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See detailPre-emptive immunotherapy with CD8-depleted donor lymphocytes after CD34-selected allogeneic peripheral blood stem cell transplantation.
Baron, Frédéric ULg; Siquet, Jean; Schaaf-Lafontaine, Nicole ULg et al

in Haematologica (2002), 87(1), 78-88

BACKGROUND AND OBJECTIVES: To maximize graft-versus-leukemia (GVL) effects while minimizing the risk of graft-versus-host disease (GVHD), we undertook a study of allogeneic CD34-selected peripheral blood ... [more ▼]

BACKGROUND AND OBJECTIVES: To maximize graft-versus-leukemia (GVL) effects while minimizing the risk of graft-versus-host disease (GVHD), we undertook a study of allogeneic CD34-selected peripheral blood stem cell (PBSC) transplantation followed by CD8-depleted donor lymphocyte infusion (DLI). DESIGN AND METHODS: Twenty-four patients with advanced hematologic malignancies were included. PBSC were collected in matched (N=16) or one-mismatch (N=8) related donors and CD34-selected. On day 60, donors donated lymphocytes that were CD8-depleted and separated into 3 aliquots containing 2 x 10(6), 1 x 10(7) and 5 x 10(7) CD3+ cells/kg (patients 1-13) or into 2 aliquots containing 1 x 10(7) and 5 x 10(7) CD3+ cells/kg (patients 14-24). The 1st aliquot was infused on day 60 and the other 1 (2) cryopreserved and infused on days 100 (and 140). RESULTS: An average of 100%, 100% and 84% of the scheduled dose could be administered in DLI 1, 2 and 3, respectively. Although the study group was at very high risk of GVHD, the actuarial incidence of grade II-IV acute GVHD was 28% (13% for HLA-identical siblings) with only 1 patient developing grade III-IV GVHD (after DLI). The actuarial 2-year probability of extensive chronic GVHD was similarly low (13% for all patients and 0% for HLA-identical siblings). Individual cases as well as a 30% relapse rate (0% for standard-risk patients versus 55% for high-risk patients) indicated preservation of the GVL effect. INTERPRETATION AND CONCLUSIONS: We conclude that allogeneic transplantation of CD34-selected PBSC followed by pre-emptive CD8-depleted DLI is feasible with rapid engraftment and minimizes the risk of severe GVHD. Large prospective trials are required to prove that it preserves the GVL effect fully. [less ▲]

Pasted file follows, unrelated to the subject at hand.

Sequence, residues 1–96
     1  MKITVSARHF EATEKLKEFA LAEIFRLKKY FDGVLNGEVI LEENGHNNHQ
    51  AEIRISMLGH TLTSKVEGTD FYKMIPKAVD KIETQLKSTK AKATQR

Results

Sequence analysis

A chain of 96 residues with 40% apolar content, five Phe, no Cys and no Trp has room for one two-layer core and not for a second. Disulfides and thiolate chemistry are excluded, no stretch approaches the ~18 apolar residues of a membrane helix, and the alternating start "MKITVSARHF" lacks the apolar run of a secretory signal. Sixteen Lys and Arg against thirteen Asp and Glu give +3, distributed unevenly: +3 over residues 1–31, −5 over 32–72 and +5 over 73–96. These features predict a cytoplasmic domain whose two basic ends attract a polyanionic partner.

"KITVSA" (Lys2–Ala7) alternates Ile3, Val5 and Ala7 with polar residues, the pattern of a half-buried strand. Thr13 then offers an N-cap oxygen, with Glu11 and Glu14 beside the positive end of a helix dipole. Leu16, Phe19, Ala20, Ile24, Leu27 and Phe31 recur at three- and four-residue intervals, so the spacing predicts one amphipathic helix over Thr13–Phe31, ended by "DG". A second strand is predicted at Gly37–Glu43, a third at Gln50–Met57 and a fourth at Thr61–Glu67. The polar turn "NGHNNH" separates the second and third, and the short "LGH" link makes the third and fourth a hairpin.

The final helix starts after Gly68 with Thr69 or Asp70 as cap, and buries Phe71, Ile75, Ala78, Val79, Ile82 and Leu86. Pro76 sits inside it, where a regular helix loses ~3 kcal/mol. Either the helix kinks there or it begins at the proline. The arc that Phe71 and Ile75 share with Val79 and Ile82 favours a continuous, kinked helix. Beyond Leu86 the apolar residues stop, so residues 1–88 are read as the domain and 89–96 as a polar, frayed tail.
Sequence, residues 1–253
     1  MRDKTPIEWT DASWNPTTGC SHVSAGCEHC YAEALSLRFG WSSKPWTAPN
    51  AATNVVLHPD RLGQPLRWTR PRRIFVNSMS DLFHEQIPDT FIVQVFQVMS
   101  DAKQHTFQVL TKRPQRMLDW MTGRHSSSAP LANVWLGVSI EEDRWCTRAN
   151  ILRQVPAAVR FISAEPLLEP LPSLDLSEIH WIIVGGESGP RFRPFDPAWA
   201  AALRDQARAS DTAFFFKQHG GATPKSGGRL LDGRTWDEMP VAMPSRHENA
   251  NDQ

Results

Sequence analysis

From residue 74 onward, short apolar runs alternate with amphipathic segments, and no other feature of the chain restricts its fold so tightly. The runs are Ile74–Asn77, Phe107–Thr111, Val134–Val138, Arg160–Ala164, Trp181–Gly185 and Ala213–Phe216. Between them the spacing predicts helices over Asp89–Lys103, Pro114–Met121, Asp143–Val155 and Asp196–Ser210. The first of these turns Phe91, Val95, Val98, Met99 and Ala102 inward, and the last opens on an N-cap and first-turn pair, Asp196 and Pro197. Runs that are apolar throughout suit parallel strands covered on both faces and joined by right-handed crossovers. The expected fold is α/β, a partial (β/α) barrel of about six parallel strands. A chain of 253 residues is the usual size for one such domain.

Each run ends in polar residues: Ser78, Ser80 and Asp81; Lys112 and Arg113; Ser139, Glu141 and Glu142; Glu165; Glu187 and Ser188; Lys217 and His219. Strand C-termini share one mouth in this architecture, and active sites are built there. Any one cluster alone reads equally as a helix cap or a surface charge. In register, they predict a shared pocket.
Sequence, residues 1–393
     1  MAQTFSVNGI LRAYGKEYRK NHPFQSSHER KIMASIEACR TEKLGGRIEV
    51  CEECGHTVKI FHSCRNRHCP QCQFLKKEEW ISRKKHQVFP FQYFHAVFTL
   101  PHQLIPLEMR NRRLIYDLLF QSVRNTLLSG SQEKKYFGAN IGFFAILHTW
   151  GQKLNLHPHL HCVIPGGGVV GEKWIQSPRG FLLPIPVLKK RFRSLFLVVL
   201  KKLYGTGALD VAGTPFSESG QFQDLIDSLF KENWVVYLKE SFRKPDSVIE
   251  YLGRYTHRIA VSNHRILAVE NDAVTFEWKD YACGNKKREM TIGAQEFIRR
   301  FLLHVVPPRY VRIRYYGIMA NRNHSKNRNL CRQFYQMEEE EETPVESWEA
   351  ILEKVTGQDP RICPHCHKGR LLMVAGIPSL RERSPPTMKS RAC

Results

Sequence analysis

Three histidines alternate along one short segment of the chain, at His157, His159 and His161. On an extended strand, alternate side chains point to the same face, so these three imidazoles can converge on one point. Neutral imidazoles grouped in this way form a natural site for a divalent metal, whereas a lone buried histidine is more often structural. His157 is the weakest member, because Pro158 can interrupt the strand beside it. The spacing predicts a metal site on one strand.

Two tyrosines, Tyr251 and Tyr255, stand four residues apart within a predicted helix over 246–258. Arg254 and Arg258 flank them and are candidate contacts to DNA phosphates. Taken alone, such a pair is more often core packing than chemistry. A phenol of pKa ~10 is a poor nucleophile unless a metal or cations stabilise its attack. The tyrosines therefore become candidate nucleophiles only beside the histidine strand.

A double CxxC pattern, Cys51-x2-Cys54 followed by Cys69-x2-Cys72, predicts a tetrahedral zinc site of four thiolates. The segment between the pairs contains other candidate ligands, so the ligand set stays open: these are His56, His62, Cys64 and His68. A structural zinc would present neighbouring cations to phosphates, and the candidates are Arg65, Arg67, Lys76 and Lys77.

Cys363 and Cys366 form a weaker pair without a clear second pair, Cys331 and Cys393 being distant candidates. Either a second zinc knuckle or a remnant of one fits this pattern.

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See detailNonmyeloablative stem cell transplantation with CD8-depleted or CD34-selected peripheral blood stem cells.
Baron, Frédéric ULg; Baudoux, Etienne ULg; Frere, Pascale ULg et al

in Journal of Hematotherapy & Stem Cell Research (2002), 11(2), 301-14

To decrease the incidence of graft-versus-host disease (GVHD) observed after nonmyeloablative stem cell transplantation (NMSCT), we studied the feasibility of CD8-depleted or CD34-selected NMSCT followed ... [more ▼]